The Emotional Impact of Setting
Have you ever read a book where you didn’t skim any of the setting descriptions? Did you wonder why the setting captured you?
Engaging settings generate emotion.
I admit, I’m impatient with too much description. To learn what captured me in a book I didn’t skim, I re-read the book and highlighted every sentence that described the setting.
The author only described things or places that were relevant to the plot.
That was the moment I went on a mission to learn everything I could about setting and how to use it to make my novels more enjoyable.
The third question in Top 3 Story Editing Questions For Fiction Writers was “Is the setting the best place for emotional impact?”
Location, objects and senses are all places to look for emotional impact.
Location is the place where a scene happens.
When describing the location, ask yourself: Is the location important to the plot, characters, or theme? If no, fewer details are required. If yes, be more generous with the details.
Once you’ve determined the location for each scene, ask yourself if the setting is the best place for emotional impact. This one little question helps you:
- Increase or decrease conflict
- Increase or decrease tension
- Set the mood
- Highlight emotion
- Show characterization
- Slow down or speed up pacing
Thinking about location in terms of emotional impact will wake up your creativity.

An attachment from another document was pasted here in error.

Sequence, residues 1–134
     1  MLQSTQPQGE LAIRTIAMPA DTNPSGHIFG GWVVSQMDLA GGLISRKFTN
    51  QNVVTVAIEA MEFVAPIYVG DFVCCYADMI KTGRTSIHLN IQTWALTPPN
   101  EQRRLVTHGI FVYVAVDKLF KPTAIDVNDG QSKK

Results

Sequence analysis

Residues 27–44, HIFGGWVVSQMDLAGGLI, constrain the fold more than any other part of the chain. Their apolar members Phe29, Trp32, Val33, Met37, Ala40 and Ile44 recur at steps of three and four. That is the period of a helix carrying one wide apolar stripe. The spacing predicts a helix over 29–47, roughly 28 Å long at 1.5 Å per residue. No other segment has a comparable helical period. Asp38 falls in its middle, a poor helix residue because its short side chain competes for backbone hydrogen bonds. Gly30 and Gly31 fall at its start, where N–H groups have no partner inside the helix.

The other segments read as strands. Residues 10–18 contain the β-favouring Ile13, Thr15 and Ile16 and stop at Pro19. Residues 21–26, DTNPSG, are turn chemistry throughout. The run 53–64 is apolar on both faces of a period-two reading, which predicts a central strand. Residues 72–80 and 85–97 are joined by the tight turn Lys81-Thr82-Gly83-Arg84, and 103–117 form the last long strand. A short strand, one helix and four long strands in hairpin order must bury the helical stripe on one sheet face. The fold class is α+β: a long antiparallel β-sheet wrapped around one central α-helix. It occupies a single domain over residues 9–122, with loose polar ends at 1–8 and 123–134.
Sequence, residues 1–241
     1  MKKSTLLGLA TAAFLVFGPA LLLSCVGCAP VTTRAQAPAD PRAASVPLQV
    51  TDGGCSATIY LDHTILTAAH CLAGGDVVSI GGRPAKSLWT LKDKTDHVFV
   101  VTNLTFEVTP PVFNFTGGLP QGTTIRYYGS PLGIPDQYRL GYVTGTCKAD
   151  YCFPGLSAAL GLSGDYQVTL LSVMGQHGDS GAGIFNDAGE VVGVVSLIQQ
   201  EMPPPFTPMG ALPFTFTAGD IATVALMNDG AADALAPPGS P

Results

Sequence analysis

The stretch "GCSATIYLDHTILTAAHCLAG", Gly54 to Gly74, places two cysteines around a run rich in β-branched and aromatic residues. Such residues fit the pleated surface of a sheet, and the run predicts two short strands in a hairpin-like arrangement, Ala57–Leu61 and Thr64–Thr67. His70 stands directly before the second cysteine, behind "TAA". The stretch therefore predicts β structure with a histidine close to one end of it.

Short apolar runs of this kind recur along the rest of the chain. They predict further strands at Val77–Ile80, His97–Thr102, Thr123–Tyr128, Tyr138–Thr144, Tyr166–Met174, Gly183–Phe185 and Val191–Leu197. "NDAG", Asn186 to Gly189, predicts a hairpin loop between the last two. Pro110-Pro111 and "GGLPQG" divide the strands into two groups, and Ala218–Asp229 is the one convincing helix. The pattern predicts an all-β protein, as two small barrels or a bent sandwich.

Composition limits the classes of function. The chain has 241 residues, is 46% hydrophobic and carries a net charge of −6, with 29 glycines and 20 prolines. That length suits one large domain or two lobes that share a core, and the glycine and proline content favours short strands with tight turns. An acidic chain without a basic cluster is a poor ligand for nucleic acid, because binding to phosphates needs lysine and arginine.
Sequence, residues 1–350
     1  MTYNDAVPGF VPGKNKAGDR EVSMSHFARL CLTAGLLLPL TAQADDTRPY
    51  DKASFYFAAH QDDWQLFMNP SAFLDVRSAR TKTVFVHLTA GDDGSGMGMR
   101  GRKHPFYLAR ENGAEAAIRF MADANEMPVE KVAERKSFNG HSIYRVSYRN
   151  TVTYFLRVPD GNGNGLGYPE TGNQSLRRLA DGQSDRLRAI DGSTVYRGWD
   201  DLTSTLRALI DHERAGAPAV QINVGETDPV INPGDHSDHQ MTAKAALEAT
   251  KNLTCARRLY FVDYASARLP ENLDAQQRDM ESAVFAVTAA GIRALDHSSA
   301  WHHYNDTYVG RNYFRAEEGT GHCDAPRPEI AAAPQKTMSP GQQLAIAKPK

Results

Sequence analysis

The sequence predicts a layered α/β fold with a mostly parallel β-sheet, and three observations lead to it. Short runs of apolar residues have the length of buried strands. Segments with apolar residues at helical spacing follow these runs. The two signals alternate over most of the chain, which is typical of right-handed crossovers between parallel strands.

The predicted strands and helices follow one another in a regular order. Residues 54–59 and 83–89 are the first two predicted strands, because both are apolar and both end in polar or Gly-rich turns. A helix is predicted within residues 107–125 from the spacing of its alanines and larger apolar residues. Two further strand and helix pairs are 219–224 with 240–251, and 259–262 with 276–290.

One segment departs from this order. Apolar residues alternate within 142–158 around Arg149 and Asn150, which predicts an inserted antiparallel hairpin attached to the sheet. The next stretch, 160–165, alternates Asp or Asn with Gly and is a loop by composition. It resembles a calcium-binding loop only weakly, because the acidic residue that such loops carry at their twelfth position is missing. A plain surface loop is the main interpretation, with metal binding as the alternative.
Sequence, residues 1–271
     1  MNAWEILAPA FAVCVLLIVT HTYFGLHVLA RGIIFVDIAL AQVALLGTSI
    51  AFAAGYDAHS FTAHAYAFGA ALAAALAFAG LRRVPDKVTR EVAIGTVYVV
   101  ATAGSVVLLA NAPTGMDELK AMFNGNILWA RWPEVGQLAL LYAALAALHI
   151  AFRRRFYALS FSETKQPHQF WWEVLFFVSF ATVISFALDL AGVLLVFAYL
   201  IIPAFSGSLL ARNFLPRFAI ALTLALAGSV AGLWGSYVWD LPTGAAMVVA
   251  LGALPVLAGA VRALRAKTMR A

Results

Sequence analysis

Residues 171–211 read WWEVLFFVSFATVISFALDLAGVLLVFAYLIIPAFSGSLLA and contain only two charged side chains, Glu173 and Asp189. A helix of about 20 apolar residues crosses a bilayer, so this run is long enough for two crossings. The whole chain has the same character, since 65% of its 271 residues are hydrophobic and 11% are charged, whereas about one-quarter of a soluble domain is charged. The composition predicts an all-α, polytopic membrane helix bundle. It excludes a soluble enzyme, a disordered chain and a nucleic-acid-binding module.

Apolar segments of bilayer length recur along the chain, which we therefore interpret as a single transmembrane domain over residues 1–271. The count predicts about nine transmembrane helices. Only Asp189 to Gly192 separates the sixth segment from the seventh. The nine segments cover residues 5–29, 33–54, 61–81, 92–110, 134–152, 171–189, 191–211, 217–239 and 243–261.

OBJECTS IN A SCENE
When you are story editing, keeping track of objects in a scene is important. An object should perform a function. An object could be a clue, remind a character of good or bad times, or cause conflict between characters.
An object may be included to provide richness to a location, but if you can give it a double purpose, it will add depth to your story.
The first time an object appears in your novel, you’ll want to describe it. You may want a detailed description if the object means something to a character, or you may want to keep it simple if you want the reader to know it’s there, but you don’t want them to focus on it yet.
If you have an object that plays a key role in the story, then mention it early. You’ll want to know which characters know about the object, when they find out about it, and if you have the object in key scenes.
Fictionary will help you keep track of objects and other elements that are relevant to the object, such as location or characters in the scene. You can quickly check if the objects are in key scenes.
All characters have senses, so use them to keep the stage interesting
All 5 senses are important. You’ll want to keep track that you don’t overuse one, under use another, and that you use more than one. This will make your character feel real.
This is only the beginning of how setting used properly within the structure of your novel can help you rewrite a novel that readers will love.
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